Occupied in such discussions and altercations, which consumed the remainder of this unhappy day, neither of them adverted to the paragraphs transmitted to the newspapers, with such a pompous account of the wedding. They appeared of course in all the journals, and the house was accordingly besieged on the following day with visitants and congratulatory notes, which entailed a whole series of explanations and replies equally painful and humiliating. The contradictions immediately inserted in the papers, with the jibes and jeers, the taunts and ridicule to which they gave rise, subjected the unfortunate Lady Middleton to a new torrent of impertinence, in the form of elegantly written three-cornered billets, commiserating her ill usage, or expressive of indignation at the licentious and scurrilous personality of the press; every one of which polite notes, such was the morbid exacerbation of her feelings, she considered as an intentional insult. Several days afterwards, when she ventured abroad, which Cecilia had not yet sum

moned courage enough to attempt, her ladyship was rudely pointed out by the passengers as the object of all this unwelcome publicity. To fashionable notoriety she would not have objected; but an exposure of this sort she found so annoying, that she determined to withdraw from London until the affair should blow over, or be superseded by some new nine day's wonder.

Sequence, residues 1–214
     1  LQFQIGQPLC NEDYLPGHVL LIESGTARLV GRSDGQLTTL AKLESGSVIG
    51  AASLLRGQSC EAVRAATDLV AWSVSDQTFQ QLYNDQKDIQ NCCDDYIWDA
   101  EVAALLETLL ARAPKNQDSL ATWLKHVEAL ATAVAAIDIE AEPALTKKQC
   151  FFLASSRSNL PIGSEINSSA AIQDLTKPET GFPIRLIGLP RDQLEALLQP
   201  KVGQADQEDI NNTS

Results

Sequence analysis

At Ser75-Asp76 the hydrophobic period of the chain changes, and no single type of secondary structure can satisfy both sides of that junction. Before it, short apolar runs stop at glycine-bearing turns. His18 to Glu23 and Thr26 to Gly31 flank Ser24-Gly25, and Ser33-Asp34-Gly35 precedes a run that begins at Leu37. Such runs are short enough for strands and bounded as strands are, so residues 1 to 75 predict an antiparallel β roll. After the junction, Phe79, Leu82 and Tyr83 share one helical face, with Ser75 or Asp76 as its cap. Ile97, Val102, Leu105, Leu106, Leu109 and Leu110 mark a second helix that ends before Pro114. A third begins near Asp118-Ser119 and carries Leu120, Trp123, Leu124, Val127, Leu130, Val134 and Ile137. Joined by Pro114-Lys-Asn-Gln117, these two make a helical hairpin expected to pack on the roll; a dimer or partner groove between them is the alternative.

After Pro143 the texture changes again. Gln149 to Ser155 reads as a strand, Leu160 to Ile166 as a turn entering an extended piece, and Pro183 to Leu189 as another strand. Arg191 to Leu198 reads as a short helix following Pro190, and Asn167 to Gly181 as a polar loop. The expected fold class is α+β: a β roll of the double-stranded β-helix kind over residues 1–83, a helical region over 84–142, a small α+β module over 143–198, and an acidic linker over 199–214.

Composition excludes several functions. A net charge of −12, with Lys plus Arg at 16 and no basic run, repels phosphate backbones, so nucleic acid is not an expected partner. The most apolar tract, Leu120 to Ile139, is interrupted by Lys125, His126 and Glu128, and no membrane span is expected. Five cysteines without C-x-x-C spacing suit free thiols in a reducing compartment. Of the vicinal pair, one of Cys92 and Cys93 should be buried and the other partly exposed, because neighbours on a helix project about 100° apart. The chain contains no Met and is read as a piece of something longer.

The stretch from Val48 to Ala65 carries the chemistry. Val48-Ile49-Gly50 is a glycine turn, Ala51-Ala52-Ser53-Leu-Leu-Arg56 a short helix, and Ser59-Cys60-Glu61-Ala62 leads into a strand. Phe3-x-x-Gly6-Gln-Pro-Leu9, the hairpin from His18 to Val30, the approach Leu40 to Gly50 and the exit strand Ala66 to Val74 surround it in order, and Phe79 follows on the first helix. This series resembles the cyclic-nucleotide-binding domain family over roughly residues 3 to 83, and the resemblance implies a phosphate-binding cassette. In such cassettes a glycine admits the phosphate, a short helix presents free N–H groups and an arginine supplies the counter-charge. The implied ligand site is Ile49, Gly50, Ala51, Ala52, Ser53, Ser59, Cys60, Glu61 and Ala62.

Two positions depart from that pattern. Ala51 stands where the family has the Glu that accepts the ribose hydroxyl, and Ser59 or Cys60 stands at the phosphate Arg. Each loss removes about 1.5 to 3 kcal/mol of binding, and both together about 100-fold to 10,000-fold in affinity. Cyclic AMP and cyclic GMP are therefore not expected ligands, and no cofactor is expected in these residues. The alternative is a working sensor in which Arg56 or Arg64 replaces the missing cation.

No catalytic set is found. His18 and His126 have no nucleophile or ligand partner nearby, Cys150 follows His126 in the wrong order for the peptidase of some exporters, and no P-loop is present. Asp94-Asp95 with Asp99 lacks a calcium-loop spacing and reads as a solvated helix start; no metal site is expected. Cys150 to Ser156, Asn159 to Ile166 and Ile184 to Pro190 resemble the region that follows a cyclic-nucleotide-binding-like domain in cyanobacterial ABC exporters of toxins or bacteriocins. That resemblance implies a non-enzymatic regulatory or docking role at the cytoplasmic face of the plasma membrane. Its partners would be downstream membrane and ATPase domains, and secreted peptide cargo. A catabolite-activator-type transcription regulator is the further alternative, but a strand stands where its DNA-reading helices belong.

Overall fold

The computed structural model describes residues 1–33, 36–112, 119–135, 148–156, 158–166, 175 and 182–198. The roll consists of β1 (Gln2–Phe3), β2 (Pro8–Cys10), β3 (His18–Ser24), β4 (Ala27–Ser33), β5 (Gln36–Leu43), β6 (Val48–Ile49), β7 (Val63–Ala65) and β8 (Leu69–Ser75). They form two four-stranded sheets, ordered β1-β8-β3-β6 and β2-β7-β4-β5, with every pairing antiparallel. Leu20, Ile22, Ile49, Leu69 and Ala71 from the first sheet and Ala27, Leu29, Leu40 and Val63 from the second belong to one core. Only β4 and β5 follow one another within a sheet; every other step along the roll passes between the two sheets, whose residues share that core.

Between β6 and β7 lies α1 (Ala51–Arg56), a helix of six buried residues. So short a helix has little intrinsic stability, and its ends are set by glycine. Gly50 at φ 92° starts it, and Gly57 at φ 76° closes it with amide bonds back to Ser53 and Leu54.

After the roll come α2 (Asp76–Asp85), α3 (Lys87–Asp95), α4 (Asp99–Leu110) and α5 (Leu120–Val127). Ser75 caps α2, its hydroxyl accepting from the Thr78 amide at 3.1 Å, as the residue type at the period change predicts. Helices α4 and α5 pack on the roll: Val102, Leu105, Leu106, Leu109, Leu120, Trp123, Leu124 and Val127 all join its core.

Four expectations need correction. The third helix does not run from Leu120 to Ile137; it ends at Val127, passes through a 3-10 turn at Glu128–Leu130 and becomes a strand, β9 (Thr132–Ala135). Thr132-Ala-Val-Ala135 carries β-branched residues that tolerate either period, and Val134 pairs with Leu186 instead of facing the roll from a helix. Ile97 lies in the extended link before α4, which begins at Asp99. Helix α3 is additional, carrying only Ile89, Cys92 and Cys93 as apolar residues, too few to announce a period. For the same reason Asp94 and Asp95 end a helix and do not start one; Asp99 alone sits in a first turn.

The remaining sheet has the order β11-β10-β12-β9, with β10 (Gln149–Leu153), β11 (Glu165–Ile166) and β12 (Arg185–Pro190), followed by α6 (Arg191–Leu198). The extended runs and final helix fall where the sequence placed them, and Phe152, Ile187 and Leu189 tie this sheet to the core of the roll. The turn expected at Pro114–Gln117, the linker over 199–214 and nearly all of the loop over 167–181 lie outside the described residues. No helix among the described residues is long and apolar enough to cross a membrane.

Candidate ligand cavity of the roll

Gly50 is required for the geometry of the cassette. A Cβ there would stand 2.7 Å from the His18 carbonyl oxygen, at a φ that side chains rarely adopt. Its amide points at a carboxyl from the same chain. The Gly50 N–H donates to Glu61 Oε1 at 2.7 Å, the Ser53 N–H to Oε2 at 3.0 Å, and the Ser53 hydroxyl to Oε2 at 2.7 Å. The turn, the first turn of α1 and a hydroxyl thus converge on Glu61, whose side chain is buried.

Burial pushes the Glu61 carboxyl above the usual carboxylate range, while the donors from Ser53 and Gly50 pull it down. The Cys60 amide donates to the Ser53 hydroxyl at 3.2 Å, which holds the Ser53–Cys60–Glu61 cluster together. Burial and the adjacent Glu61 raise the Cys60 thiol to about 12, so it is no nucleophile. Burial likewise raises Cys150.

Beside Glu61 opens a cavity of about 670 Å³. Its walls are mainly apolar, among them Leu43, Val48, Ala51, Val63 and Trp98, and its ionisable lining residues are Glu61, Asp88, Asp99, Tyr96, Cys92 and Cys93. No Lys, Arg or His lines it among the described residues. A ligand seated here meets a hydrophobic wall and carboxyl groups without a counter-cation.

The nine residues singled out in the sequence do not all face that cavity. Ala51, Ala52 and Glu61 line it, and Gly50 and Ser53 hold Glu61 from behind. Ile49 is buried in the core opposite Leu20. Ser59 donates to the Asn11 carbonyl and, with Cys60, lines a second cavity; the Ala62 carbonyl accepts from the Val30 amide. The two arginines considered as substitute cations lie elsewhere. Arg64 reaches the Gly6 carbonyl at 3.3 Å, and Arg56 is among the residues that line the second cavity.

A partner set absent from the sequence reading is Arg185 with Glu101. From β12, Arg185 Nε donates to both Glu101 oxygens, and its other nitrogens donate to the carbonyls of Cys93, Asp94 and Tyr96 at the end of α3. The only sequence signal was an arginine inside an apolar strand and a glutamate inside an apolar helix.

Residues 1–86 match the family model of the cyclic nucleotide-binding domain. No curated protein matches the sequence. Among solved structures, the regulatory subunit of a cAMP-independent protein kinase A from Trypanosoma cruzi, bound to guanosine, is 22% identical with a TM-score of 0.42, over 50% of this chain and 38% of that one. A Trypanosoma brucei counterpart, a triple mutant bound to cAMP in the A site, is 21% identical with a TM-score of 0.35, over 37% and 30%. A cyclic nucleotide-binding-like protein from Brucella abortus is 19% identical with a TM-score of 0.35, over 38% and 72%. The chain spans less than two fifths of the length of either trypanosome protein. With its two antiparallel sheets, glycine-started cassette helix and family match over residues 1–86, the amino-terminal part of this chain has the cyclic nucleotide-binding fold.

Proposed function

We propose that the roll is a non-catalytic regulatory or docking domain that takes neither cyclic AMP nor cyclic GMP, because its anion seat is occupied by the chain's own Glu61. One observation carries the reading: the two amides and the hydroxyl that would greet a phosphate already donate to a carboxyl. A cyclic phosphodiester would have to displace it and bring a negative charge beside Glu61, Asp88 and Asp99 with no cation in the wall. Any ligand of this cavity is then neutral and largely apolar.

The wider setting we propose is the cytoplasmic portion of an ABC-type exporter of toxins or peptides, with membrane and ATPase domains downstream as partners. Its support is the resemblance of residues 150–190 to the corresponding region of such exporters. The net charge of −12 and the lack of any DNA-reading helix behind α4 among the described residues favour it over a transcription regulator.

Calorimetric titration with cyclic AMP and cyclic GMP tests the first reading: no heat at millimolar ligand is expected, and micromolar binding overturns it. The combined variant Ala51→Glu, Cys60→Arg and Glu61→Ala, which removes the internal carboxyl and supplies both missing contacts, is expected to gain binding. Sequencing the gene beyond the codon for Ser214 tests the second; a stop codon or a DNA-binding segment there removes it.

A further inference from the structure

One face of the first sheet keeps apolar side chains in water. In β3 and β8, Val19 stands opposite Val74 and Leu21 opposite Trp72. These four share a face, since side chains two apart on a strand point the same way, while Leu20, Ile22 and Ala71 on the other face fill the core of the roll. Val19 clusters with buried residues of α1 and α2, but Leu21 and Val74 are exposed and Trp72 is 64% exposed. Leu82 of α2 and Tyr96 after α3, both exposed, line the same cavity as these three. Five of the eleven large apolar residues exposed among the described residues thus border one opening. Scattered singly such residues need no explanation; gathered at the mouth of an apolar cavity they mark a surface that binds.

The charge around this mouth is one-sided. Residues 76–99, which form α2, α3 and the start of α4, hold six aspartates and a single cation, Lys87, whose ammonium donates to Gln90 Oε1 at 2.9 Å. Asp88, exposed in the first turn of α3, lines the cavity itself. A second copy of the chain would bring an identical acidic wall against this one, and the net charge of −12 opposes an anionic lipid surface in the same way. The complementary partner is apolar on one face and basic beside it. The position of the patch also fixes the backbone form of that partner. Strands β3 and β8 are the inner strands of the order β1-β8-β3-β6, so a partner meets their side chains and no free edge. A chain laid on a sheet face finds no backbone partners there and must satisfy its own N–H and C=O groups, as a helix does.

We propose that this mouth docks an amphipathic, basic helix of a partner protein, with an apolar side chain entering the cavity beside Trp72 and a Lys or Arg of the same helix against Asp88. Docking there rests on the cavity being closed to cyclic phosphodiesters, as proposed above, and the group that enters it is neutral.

CHAPTER VII.

Mais, au moins, dites moi, madame, par quelle sort
Votre Clitandre a l'heur de vous plaire si fort
Sur quel fonds de mérite et de vertu sublime
Appuyez vous en lui l'honneur de votre estime?
Vous êtes vous rendue avec tout le beau monde,
Au merite éclatant de sa perruque blonde?
Ou sa facon de rire et son ton de fausset
Ont-ils de vous toucher su trouver le secret?

MOLIERE.

On the day that her ladyship formed this resolution, she received the following letter from her step-son at Brookshaw Lodge:

"MY DEAR MADAM,

"If our joys, in the state of darkness to which we are all doomed, be but too often and too rapidly converted into sorrows, it cannot be denied that our seeming vexations will sometimes prove sources of comfort and consolation. Much as I regretted the severe illness that prevented my being present at Cecilia's intended marriage, I now rejoice that I was spared the pain of participating in a scene of disappointment and distress which I could have done nothing to alleviate. I have already written to congratulate my sister, as well as yourself and Sir Matthew, on the detection and defeat of the base contrivance for the destruction of her happiness; and I now take the liberty of addressing you, in the hope that I may contribute to prevent her peace of mind, and the welfare of our family, from being